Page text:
Ran the voltage multiplier using one NST output terminal grounded, as well as one stack side and didn't get the half voltage from the stack I had at first expected - that is, 100 kV.

Rather, I obtained a quarter - a mere 50 kV with full scale from the variac; I should have realized that this is what one should expect with that specific (classic) circuit (again, my lack of experience using VM's and no recent calculation of performance/outputs using the correct ground configuration that previously, I had not properly understood - see up stream in this thread.)

The issue, in a nut shell, is that I not only reduced the x-former's applied output voltage to the stack by half - I also, if I recall the operation of VM's correctly - halved the applied frequency the stack experiences. These two factors reduced the output to a small 50 kV (this also explains my failures some years ago that caused me to discount the std calculations and my efforts in this project and caused me to abandon this approach (in hindsight, luckily I did or I would have most likely missed out on the 32 kV, 50 ma simple x-former I still have the use of ... for now. Still trying to get them to sell it to me ... but that isn't germane to to this thread .)

So, I have returned the VM's NST x-former to the full 15 kV applied and will be careful not to drive the VM stack past 45% of the variac setting - I want it to operate over 150 kV but not exceed 200 kV.

Since this will accelerate (repel) deuterons, this is a positive VM system.

While a lot of this could have been predicted by reviewing the literature, frankly, I had far more fun doing the tests (experiments.) Old hands will smile at my previous assumptions but having the system available (and not fully convinced the literature explains details as clearly as one needs to modify circuits) I must admit I prefer this method when I have a system to test - since I am using components that aren't easy to get spec's for, and since my system is a woefully low 60 Hz (again, I'd like to see that stove heater system built as a VM...), and previous calculation's I had done really didn't even closely match my earlier results, this was, for me a good methodology (now I see why in electronics course, experiment with real devices, can really clarify what the theory often leaves out.)

What I have done this thread is not, necessarily, what one should follow when building your own (lol. I have one especially valuable device for this type of work: an analog HV probe good to +50 kV.) But using this approach did starkly clarify issues relative to the system and mod's one can make and what then results - invaluable.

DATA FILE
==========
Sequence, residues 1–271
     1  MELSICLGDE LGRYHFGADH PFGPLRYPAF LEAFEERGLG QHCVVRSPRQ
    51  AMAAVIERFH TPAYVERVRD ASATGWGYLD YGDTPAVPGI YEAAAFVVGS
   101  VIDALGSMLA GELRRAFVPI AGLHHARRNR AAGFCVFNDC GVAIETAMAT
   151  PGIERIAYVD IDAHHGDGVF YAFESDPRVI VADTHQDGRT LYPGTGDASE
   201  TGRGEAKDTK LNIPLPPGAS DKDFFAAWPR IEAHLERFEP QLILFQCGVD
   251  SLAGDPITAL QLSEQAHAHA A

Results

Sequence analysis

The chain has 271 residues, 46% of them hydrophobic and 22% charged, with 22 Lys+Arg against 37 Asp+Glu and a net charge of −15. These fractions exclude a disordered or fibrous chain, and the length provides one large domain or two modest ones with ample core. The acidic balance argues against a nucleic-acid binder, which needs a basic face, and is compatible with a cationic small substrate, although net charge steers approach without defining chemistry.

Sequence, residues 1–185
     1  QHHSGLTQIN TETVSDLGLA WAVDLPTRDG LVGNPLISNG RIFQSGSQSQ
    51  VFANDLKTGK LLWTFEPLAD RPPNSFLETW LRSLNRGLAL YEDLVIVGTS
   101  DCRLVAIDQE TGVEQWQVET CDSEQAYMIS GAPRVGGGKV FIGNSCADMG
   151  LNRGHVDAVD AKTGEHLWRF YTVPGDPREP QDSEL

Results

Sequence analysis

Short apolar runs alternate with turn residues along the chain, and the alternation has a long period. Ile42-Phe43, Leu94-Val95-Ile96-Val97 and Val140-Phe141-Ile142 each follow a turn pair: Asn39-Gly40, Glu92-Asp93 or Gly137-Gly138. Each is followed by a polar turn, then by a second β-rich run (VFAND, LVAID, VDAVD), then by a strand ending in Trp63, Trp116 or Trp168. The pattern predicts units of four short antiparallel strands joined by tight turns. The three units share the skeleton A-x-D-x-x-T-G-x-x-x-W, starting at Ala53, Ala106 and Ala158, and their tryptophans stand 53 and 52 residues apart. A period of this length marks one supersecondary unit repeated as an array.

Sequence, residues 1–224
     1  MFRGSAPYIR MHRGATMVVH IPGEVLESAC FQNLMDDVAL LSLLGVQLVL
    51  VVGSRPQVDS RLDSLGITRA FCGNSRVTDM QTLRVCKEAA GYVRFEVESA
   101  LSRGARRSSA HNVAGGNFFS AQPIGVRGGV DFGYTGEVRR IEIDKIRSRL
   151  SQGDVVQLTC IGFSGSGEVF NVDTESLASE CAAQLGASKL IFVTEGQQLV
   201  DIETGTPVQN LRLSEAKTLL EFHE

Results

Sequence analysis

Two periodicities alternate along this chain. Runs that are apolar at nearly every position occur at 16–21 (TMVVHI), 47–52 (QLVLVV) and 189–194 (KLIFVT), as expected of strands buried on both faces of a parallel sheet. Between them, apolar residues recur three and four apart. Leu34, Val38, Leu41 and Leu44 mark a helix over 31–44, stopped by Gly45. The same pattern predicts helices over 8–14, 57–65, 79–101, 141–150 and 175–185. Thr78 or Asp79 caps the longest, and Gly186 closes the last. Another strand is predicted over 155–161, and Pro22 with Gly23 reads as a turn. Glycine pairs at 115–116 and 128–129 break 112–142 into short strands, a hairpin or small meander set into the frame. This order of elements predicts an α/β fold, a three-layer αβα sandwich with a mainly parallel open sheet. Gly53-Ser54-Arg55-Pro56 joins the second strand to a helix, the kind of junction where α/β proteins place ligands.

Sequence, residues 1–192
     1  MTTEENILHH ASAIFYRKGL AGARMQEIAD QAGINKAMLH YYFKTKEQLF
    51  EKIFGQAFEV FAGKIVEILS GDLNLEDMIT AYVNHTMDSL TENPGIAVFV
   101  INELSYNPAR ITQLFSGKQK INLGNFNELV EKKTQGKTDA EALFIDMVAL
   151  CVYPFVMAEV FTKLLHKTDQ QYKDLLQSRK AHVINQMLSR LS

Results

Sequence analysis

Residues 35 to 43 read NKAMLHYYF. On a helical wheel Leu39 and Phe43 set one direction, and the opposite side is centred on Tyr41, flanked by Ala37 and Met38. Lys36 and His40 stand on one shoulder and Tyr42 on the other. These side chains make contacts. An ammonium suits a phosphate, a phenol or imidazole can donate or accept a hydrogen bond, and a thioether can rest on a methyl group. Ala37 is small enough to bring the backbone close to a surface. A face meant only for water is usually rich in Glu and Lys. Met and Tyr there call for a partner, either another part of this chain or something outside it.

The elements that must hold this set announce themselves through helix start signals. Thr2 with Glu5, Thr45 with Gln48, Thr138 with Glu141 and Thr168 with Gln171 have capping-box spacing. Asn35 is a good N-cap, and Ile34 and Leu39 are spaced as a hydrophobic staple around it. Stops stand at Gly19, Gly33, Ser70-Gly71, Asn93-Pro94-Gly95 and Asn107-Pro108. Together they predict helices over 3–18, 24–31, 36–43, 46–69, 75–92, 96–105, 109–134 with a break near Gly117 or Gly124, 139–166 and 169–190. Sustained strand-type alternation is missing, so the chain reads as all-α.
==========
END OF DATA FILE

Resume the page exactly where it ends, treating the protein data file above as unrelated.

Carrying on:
Besides, one thing Richard points out to some people on this forum from time to time is:

"If you think something can work, then build it and prove it."

That is, paper projects are exactly that - paper. Some years ago, I took ideas from paper (theory) and failed (through I did build some VM's using these and other components - my error, at the time, was not questioning the basic designs (the reasons for them) and then, not testing different design approaches.)

Getting back and doing real experiments by building and trying different configurations has enabled me, also with help from people here, to figure out the issues/problems relative to these extremely high voltage VM's.

The final result is that I have succeed in building a successful +200 kV power supply suitable for my deuterium accelerator.

Learning the in's and out's of these HV systems is something I will have long after I sell or disassemble this VM.

User avatar
Richard Hull
Site Admin
Posts: 10626
Joined: Fri Jun 15, 2001 1:44 pm
Real name: Richard Hull

Re: High Voltage Multiplier Issue

Post by Richard Hull » Sun Oct 22, 2017 6:40 pm

At 60 hz I fear your system will collapse under any form of real accelerator load to a rather pitiful voltage. In VM systems operated at 60hz it is all about the value of your capacitors in each stage. .1ufd is none to big for filtering. Door knobs of 2000pf will buckle. Adding more stages demand much higher capacitance. to sustain any form of accelertor or fusor load current.

However, for electrostatic experiments a VM system need not have large caps to get the true VM multiplication factor provided the load is in the hundred microamp range. at 100kv just bringing the leads out to air will have such huge corona loads, (50-100ua), that a voltage multiplier with door knobs will start to buckle below the stage multiplication expected.

Richard Hull
Progress may have been a good thing once, but it just went on too long. - Yogi Berra
Fusion is the energy of the future....and it always will be
Retired now...Doing only what I want and not what I should...every day is a saturday.

Post Reply